Honest Abe and some of his lies: And the lies about him
I’ve been involved, lately, in an internet discussion about Abraham Lincoln. As an unreconstructed libertarian of the anarcho-capitalist school, I take a dim view of Mr. Lincoln’s excesses on behalf of the Union. Nothing can be more controversial than his suspension of Habeas Corpus.
Lincoln was inaugurated on March 4, 1861. South Carolina had seceded in December 1860 with five states following in January. Texas seceded two days before his inauguration and on April 17,Virginia did. Lincoln issued his edict on April 27, 1861 following secession by Arkansas, North Carolina and Tennessee. By that time, all of the states that would secede, had.
Article I Section 9 of The Constitution states, “The Privilege of the Writ of Habeas Corpus shall not be suspended, unless when in Cases of Rebellion or Invasion the public Safety may require it.” Article I deals with the powers of Congress while Article II deals with the power of the executive. It’s obvious, that the suspension of Habeas was meant to be a congressional initiative and that the emergency requiring it was foreseen and provided for by The Founders. Lincoln as a lawyer could not deny knowledge of this, yet he took it upon himself to unilaterally take a step that was the single greatest affront to the spirit of the Constitution in American history. “Abraham, you have some ‘splaining to do.”
And he tried to on July 4, 1861 when he addressed Congress, justifying his actions. He spoke of himself in the third person. Lincoln and his apologists maintain that events that gave him no choice.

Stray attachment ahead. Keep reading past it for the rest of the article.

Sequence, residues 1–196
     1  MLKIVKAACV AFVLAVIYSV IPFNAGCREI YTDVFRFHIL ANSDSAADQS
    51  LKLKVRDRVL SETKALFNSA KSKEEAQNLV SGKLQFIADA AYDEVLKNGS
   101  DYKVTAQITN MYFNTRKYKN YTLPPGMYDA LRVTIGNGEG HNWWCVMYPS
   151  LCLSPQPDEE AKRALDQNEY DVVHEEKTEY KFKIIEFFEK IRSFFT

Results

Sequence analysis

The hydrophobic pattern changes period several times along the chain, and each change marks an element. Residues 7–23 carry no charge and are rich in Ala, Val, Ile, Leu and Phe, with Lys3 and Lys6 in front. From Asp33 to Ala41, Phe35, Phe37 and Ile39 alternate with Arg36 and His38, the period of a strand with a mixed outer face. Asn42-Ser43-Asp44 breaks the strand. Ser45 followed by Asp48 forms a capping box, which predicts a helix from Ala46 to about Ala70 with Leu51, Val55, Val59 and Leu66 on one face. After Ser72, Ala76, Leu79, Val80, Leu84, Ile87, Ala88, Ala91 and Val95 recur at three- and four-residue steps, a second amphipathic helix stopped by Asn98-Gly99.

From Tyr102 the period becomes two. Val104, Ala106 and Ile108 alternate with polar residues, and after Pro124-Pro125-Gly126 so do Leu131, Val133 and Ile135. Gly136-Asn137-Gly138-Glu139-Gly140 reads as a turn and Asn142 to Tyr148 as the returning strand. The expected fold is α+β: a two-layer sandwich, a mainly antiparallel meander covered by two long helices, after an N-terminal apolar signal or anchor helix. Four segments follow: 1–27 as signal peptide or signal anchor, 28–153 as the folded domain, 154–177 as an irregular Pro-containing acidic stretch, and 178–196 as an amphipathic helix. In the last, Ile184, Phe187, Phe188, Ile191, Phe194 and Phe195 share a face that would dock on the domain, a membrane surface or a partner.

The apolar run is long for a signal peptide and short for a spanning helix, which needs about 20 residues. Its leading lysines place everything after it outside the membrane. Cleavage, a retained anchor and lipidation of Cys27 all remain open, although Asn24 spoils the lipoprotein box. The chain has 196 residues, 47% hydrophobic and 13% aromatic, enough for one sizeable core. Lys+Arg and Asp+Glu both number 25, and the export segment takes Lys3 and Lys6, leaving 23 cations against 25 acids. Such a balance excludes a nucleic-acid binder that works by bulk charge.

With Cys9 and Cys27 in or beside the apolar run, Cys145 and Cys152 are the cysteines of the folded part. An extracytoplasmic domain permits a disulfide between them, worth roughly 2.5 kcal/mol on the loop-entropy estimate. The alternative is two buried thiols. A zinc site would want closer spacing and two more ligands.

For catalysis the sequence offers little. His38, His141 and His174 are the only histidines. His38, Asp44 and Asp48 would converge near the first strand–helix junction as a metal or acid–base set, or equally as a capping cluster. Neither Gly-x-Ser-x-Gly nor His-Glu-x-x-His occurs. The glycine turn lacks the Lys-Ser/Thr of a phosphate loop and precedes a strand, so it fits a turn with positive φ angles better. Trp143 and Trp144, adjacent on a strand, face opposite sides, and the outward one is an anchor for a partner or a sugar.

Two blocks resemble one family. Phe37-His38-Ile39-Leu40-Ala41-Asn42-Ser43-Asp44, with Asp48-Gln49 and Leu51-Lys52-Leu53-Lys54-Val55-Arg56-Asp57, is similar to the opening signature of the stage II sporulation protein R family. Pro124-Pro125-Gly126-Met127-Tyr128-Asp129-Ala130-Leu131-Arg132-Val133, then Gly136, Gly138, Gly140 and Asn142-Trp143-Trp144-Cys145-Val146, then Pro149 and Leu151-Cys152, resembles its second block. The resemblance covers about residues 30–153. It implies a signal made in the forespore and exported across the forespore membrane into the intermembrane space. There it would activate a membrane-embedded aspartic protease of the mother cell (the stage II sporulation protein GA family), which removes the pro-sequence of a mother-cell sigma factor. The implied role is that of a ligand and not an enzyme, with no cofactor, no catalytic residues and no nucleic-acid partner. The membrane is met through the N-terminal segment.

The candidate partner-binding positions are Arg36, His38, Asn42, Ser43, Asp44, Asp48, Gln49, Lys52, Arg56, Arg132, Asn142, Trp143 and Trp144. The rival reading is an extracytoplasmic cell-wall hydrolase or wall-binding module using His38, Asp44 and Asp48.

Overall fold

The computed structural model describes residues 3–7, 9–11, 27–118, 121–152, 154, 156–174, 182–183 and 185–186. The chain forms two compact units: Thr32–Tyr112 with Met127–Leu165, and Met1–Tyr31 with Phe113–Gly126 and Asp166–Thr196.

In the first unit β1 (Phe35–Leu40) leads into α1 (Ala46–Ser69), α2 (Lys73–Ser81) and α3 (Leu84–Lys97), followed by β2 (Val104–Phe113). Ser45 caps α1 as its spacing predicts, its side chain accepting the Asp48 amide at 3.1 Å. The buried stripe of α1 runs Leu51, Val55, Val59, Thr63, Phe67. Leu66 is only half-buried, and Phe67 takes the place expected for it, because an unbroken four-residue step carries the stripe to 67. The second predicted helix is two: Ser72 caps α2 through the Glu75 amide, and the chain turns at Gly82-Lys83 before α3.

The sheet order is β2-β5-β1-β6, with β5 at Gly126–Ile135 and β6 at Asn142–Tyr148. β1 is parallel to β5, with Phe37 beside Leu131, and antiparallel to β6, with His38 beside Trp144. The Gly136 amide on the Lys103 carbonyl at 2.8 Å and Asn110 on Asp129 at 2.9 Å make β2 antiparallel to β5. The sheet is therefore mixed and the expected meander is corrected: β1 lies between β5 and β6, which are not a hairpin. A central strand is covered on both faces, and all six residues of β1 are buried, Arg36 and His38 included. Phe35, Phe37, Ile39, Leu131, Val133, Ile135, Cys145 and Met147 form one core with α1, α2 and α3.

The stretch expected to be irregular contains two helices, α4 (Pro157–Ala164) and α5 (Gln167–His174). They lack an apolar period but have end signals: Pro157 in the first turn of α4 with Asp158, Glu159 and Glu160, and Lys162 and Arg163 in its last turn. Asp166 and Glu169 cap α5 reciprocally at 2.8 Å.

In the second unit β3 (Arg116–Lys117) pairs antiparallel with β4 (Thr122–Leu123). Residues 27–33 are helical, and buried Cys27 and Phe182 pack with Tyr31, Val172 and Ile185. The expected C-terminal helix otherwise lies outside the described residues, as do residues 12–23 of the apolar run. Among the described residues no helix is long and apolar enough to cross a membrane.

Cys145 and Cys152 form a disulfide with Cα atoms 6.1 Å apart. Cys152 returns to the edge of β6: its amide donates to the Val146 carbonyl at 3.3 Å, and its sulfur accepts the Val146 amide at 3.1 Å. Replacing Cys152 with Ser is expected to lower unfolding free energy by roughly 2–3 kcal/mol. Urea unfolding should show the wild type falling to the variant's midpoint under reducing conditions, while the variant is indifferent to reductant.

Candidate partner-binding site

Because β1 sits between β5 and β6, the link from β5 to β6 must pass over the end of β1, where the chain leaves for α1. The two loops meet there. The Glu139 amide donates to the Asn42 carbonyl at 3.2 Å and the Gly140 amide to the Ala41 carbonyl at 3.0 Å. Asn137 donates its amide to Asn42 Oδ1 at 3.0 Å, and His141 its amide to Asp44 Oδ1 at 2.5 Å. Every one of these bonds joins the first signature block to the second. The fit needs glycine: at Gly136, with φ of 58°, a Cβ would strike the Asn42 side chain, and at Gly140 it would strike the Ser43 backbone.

But he had a choice and he had to have known it. Rather than unilaterally suspending Habeas, he could have called upon Congress to do so, as prescribed in the Constitution. Just two years later, it did. Why did Lincoln resort to such anti-constitutional action?
There are those who maintain that because the specific paragraph does not specify that it’s a power only of Congress may be the only valid argument they have but as I’ve noted above, it appears in Article I, devoted to congressional power. On anything other than superficial inspection, that doesn’t make sense.
The Republicans held a 31 to 15-edge over the Democrats in the Senate with three Unionists who could have been expected to be sympathetic to him and his agenda. The House was even more lopsided, 108 to 44 with 32 from various unionist parties. Such majorities are nearly veto proof.
But it was worse. By the time he gave that July 4, 1861 speech to Congress, many of the Southern Democrats had already left and joined the governments or militaries of their new Confederate states, leaving the Republicans with a far greater functional majority.
Why didn’t Lincoln go to Congress? He was known as a highly successful attorney in Illinois. He had defended one of the very first, if not the very first, medical malpractice lawsuits in American history. But it gets even worse for the Lincolnians.
Abraham Lincoln was one of the most accomplished orators and rhetoricians of the day. His debates with Stephen Douglas were legendary as was his speech at Cooper Union in New York City. The latter is credited with making him president.
In measured tones and cadences, he placed his argument before the audience, one of whom stated that he had initially been had been moved to pity of him for his ungainliness but later was brought to his feet along with the rest of the audience of 1,500, screaming as he got caught up in Lincoln’s speech.
He described it this way. Once Lincoln got going: “…his face lighted up as with an inward fire; the whole man was transfigured. I forgot his clothes, his personal appearance, and his individual peculiarities. Presently, forgetting myself, I was on my feet like the rest, yelling like a wild Indian, cheering this wonderful man.”